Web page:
Yahoo Japan Has No Interest In Being A Walled Garden

YahooJapanDMPThe number one thing you should know about Yahoo Japan’s DMP: It’s not a walled garden.

“Our data strategy is open, that’s the key word here,” said Toru Takata, SVP and chief product officer for marketing solutions at Yahoo Japan. “Our policy is about being completely open about our data.”

Yahoo Japan, founded in 1996 as a joint venture between Yahoo and Softbank, is Japan’s largest web portal with a reach that extends to 88% of the country’s Internet population. That means Yahoo Japan has a lot of consumer data.

For the last 15 years or so, YJ has leveraged this data – demographic, psychographic, ecommerce, real-time search and web browsing – to boost its own growth. But, more recently, Takata and his team realized that there was value in making that data more available to its roughly 15,000 advertisers.

In 2014, Yahoo Japan turned to cross-channel marketing company Signal to develop a data management platform with a focus on transparency.

YJ’s DMP is built on Signal Fuse, Signal’s open data platform. Signal conducts data matching against its deterministic identity graph to link cross-channel activity and create anonymous profiles around first- and third-party identifiers. Because it’s an open platform, advertisers are able to access those profiles at will and use the insights to inform their marketing strategies elsewhere.

Advertisers that want to use their CRM data on the platform can activate it across Yahoo’s owned and operated properties, as well as the tens of thousands of Japanese websites in Yahoo’s publisher network using Yahoo Tag Manager, a product that Signal developed for Yahoo Japan in 2013.

Rather than cookies alone, which Signal CRO Marc Kiven called “just one ingredient,” Yahoo Japan populates its DMP with real-time, cross-channel intent data.

One large ecommerce player in Japan, which YJ declined to name, recently approached the company looking to leverage CRM data to find new loyal customers. Yahoo Japan used real-time search signals – for example, specific product types or brand names – to expand its client’s reach to 16 million potential consumers.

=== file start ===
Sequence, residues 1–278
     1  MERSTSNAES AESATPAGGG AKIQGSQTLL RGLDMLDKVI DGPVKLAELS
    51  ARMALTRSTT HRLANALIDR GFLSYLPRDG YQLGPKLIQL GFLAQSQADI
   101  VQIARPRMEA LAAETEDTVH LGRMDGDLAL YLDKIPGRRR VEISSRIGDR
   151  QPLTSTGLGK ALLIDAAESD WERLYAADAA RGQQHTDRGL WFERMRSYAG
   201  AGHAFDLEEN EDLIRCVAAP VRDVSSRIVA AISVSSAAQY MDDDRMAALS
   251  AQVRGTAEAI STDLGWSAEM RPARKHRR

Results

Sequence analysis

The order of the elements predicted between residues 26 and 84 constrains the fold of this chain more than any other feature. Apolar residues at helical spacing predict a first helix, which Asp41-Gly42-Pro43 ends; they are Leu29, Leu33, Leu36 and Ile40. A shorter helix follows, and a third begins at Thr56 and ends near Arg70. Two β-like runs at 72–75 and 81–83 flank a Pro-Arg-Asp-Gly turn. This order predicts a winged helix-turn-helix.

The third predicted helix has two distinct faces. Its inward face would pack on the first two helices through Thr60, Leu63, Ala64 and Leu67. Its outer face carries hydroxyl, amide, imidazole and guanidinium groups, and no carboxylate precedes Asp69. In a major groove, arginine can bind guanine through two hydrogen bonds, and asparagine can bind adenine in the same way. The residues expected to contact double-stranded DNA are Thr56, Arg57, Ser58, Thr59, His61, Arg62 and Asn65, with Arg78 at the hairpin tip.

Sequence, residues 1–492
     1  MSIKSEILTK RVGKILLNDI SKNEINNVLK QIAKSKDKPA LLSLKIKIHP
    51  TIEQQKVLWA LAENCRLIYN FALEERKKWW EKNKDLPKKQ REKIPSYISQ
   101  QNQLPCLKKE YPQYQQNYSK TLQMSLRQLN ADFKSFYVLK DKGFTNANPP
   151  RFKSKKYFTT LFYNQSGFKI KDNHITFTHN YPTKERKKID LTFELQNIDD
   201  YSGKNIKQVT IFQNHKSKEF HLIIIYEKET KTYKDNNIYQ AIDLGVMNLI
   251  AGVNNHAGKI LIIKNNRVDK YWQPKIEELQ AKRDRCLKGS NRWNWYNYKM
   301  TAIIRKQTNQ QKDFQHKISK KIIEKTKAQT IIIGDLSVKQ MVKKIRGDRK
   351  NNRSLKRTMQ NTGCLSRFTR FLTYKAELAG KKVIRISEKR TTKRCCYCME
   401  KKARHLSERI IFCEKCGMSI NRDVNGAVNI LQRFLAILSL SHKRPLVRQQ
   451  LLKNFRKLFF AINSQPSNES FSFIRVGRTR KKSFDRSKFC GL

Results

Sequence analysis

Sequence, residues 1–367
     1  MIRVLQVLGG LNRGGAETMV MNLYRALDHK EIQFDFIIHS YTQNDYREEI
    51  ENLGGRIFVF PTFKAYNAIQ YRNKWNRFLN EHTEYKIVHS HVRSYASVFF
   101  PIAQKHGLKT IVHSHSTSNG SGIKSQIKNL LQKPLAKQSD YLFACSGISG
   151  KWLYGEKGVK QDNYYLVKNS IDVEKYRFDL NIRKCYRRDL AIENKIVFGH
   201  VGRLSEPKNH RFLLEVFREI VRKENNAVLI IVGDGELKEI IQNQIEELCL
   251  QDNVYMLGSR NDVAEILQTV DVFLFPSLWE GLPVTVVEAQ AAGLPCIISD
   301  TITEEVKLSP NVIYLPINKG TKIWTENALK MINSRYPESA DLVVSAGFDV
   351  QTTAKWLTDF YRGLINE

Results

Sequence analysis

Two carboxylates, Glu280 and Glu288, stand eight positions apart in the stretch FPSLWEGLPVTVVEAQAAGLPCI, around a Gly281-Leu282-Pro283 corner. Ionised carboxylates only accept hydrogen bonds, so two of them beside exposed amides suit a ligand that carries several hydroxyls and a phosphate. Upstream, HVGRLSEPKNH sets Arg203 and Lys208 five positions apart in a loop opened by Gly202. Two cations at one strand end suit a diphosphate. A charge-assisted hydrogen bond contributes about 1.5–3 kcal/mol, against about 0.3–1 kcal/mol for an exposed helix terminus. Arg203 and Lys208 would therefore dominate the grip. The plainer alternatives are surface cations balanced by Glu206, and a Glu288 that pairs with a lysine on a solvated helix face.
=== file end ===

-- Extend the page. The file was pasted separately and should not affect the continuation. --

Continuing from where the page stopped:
It sounds like classic lookalike modeling, which it is, but there’s a twist: It’s real-time, said Takata.

According to internal research conducted by Yahoo Japan, if an ad isn’t placed in front of someone within five minutes of that person having conducted a search, the signal loses most of its value, as does the ad itself.

Rather than dropping cookies for retargeting, Yahoo Japan’s cross-channel display business is focused squarely on the moment.

“Real-time is very important, not just from a marketing point of view for our KPIs, but also from the consumer point of view,” Takata said. “As a consumer, I don’t want to get a recommendation based on something I did three months ago.”

Takata’s aversion to the walled garden model goes back to an industry conference he attended several years ago in Japan where Kiven was making a presentation. During the presentation, Kivin placed an image of Kawaja’s notoriously crowded LUMAscape up on the screen.

“During my presentation I said something like, ‘That is what a fragmented, dysfunctional ecosystem looks like—don’t let this happen to you,’” Kiven said. “Afterwards, Toru [Takata] came up to me and the first thing he said was, ‘A rising tide floats all boats.’ I don’t want this to happen to Japan.”

For Takata, sharing with advertisers means caring about the overall market.

“Ultimately, if our customers use our data to do better marketing, it will be more relevant to the customer,” Takata said. “And if our clients are using our data to grow their business, it will help the industry.”

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